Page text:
It is truly a most Christian exercise to extract a sentiment of piety from the works and appearances of nature. Our Saviour expatiates on a flower, and draws from it the delightful argument of confidence in God. He gives us to see that taste may be combined with piety, and that the same heart may be occupied with all that is serious in the contemplations of religion, and be, at the same time, alive to the charms and loveliness of nature. Thomas Chalmers
Psalm 104 says, ‘‘Bless the LORD, O my soul, O LORD my God, thou art very great; (vs 1) . . . He watereth the hills from his chambers: the earth is satisfied with the fruit of thy works’’ (vs 13). In a sin-soaked culture it is easy for God’s children to forget that this world was made the way God wanted it to be made and it is a mistake for us to let the fallenness of it block our sight of God’s handiwork.
Perhaps it takes a week such as this one, waking each morning to the song of the Lark Bunting and the crisp air of the Colorado mountains (and the constant distant roar of the most ferocious of beasts: 200 junior campers), to see such testimony as pine trees, growing from every angle of ground, all pointing like a million church steeples toward their Creator; or stars of the big dipper, brighter than temporal lights, still pointing to the North Star with Divine consistency as my father showed me years ago.
It was the first Adam who saw most dramatically the contrast of the perfect and fallen worlds. He was brought into a world of perfect harmony and peace. The function of every star and season and tree and stream worked together more smoothly than the most expensive Swiss watch. Adam’s work and trade, thoughts and ideas, blended precisely with God’s created purpose, enhancing its melody. Man’s purpose for existence and labor were never in doubt or regret.
Adam had a simple stewardship. It was overwhelmingly positive with only one negative. The inability to live with the restriction and the prompting of the Evil One cost Adam the perfect environment. Now his life would be one of recapturing, as best as possible, the former glory where God’s presence was so clearly visible. His vocation would be in danger of clouding rather than enhancing God’s created purpose for man. The culture formed by his descendents, who never walked with their Creator in the cool of the evening, would quickly digress to a newly accepted norm of ‘‘every imagination of the thoughts of man’s heart’’ being ‘‘only evil continually.’’ And after thousands of years his descendents would need, periodically, to retreat to the mountains from such a culture in order to readjust their human priorities.
The second Adam, Jesus Christ, also saw the contrast between fallen and perfect worlds. But unlike the first Adam who mostly regretted an old world, He anticipated as well a new world where the breeches of sin would be repaired and man would again live in harmony with his Creator. During His brief time on earth, the Savior opened the windows both of the lost world of Eden and the coming world of a new heaven and earth. C. S. Lewis, in his marvelous book, Miracles, called these works of Christ miracles of the old nature and miracles of the new nature.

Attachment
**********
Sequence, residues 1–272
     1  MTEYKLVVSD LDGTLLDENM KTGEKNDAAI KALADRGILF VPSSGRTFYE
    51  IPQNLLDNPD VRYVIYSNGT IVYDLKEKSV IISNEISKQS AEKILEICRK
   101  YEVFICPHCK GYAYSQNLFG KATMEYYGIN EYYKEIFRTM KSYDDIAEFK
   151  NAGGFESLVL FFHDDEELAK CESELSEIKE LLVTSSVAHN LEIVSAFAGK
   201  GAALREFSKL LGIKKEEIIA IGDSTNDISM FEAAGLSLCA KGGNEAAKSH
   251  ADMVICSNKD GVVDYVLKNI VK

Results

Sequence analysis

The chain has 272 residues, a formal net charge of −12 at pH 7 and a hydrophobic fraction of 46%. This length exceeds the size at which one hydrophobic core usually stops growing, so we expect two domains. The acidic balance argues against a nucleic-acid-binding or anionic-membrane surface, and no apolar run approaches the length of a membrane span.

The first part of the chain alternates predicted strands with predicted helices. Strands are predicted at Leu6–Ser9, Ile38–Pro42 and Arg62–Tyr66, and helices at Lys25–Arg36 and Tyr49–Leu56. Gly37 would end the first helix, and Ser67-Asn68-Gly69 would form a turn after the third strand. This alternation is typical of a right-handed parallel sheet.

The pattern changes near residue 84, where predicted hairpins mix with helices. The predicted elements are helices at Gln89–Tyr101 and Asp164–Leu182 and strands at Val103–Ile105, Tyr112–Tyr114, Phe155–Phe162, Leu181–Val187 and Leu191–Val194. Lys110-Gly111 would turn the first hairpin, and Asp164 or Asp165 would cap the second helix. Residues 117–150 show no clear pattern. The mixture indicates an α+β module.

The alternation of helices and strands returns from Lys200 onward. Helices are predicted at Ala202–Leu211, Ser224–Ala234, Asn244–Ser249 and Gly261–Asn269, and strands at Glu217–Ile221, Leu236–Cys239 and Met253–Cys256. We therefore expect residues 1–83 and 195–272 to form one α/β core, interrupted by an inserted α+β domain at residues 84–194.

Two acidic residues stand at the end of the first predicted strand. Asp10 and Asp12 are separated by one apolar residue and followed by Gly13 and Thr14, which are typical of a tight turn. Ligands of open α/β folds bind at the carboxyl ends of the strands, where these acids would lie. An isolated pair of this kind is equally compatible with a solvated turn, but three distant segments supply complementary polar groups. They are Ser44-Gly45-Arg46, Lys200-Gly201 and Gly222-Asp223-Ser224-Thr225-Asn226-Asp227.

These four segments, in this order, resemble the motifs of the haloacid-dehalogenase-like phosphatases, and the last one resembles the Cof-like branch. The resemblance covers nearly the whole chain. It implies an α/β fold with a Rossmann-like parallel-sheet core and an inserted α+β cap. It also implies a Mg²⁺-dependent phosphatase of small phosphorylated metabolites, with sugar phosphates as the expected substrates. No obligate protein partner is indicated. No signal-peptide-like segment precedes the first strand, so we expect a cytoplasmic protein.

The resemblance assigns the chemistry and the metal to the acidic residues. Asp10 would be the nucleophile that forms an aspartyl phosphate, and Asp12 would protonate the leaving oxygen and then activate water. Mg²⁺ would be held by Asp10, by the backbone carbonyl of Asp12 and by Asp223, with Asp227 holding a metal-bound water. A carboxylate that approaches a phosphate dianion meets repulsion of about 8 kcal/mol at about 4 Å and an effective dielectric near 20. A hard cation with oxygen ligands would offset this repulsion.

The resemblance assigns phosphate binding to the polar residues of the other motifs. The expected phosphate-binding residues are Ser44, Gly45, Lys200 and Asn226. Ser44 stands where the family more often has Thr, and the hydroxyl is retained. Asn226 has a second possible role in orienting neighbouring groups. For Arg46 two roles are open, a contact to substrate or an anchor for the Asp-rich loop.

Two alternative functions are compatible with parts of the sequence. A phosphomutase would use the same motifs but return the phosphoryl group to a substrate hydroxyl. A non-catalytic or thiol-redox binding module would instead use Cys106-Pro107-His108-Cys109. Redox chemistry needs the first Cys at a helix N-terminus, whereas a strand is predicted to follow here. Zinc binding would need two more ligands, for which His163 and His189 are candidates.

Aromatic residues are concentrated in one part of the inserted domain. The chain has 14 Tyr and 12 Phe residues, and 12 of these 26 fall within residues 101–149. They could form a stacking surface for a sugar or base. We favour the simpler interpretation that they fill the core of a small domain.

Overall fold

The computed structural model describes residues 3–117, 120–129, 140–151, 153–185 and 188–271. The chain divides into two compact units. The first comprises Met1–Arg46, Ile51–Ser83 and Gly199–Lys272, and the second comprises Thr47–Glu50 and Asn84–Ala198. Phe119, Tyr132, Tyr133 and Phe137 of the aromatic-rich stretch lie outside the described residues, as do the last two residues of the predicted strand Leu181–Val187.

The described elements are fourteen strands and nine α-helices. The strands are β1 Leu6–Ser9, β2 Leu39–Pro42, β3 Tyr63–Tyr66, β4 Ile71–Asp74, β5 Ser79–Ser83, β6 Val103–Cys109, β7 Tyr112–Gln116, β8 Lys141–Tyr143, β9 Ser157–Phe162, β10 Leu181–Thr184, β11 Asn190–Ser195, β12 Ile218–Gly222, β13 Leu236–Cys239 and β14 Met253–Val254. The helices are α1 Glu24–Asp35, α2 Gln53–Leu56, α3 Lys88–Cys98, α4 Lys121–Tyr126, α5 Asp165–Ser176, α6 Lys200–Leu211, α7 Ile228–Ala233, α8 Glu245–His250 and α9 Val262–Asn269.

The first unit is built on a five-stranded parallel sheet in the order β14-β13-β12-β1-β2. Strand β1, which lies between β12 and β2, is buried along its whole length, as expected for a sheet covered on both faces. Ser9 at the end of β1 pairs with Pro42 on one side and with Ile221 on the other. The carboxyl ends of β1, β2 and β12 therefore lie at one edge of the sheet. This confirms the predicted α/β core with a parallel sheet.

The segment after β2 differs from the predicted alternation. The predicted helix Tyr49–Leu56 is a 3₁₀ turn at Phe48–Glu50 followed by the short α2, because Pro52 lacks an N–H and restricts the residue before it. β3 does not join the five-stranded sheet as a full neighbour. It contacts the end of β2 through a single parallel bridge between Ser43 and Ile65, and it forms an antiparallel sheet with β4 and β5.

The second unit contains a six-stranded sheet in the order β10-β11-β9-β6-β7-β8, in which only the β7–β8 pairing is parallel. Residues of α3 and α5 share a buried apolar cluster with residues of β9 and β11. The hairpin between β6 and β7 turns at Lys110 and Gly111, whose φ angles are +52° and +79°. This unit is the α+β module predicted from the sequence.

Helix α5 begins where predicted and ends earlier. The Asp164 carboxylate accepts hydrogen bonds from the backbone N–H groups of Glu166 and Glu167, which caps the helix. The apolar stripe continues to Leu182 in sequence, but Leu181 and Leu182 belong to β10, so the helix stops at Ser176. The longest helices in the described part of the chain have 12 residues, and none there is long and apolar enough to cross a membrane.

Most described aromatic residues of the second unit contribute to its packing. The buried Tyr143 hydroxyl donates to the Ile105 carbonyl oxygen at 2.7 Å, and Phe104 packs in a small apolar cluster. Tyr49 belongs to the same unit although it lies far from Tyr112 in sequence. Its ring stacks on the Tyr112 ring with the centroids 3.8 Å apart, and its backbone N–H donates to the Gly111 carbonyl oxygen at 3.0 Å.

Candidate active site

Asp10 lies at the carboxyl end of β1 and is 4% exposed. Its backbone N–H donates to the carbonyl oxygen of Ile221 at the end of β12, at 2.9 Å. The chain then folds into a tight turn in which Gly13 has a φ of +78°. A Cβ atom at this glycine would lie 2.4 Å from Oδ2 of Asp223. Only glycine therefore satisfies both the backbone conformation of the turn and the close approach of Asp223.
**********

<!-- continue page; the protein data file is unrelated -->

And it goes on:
In miracles of the old nature Jesus repaired what the first Adam broke. By turning water into wine he quickened the vine that distills the dew and rain. By multiplying the fish in the nets he momentarily fulfilled the Creator’s command to fill the earth. By turning one loaf of bread into many he became sower, reaper and baker in an instant. Should not God’s own children see the mountain stream that produces the Brook Trout as a multiplying of fish? Should we not see the wheat fields of the plains as huge bread mills where God continues to multiply the loaves? Should we not see the Concord grape vine as a divine press turning water into wine? By doing so we are not minimizing the interruptions of nature we call miracles, but we are attesting to their purpose as Christ showed.
In miracles of the new nature Jesus advanced the creative clock and gave man a glimpse of a future world. Walking on water never has been a normal part of this life. The laws of the old nature dictate against it now but not in the future life. Jesus knew Nathanael’s whereabouts and the disciple’s thoughts in ways only a future life will know. Foreshadowing the greatest miracle of the new nature, the Lord reversed the process of death itself, brought on by the first Adam’s disobedience, by making death come back to life instead of the other way around. Bruce Lockerbie wrote, “Faith in Jesus of Nazareth recognizes his sovereignty as Lord of time and space . . . He is the focal point from which all being takes its meaning, the source of all coherence in the universe. He is the reality for which Newton’s laws and Einstein’s theory are approximations. He is the fulcrum, the keystone; in T. S. Eliot’s phrase, he is ‘the still point of the turning world.’ Around him and him alone all else may be said to radiate. He is the Cosmic Center.”
So what are we doing here? First of all, we are testifying of the original creation by living life the way God created us to live. Our vocations and vacations recognize and are in harmony with the original creation as if it were still untainted by the disobedience of one. The construction of a machine that enhances our productivity or the moonlight stroll under the canopy of God, are all our created business. Second of all, we are inviting people to view the new creation through the miraculous means of the new birth, when a person releases the present sinful world to make reservations in the next. The old creation groans as an old windmill in the night breeze to be released from the present struggle. ‘‘Not for that we would be unclothed, but clothed upon, that mortality might be swallowed up of life. . . (for we walk by faith, not by sight).’’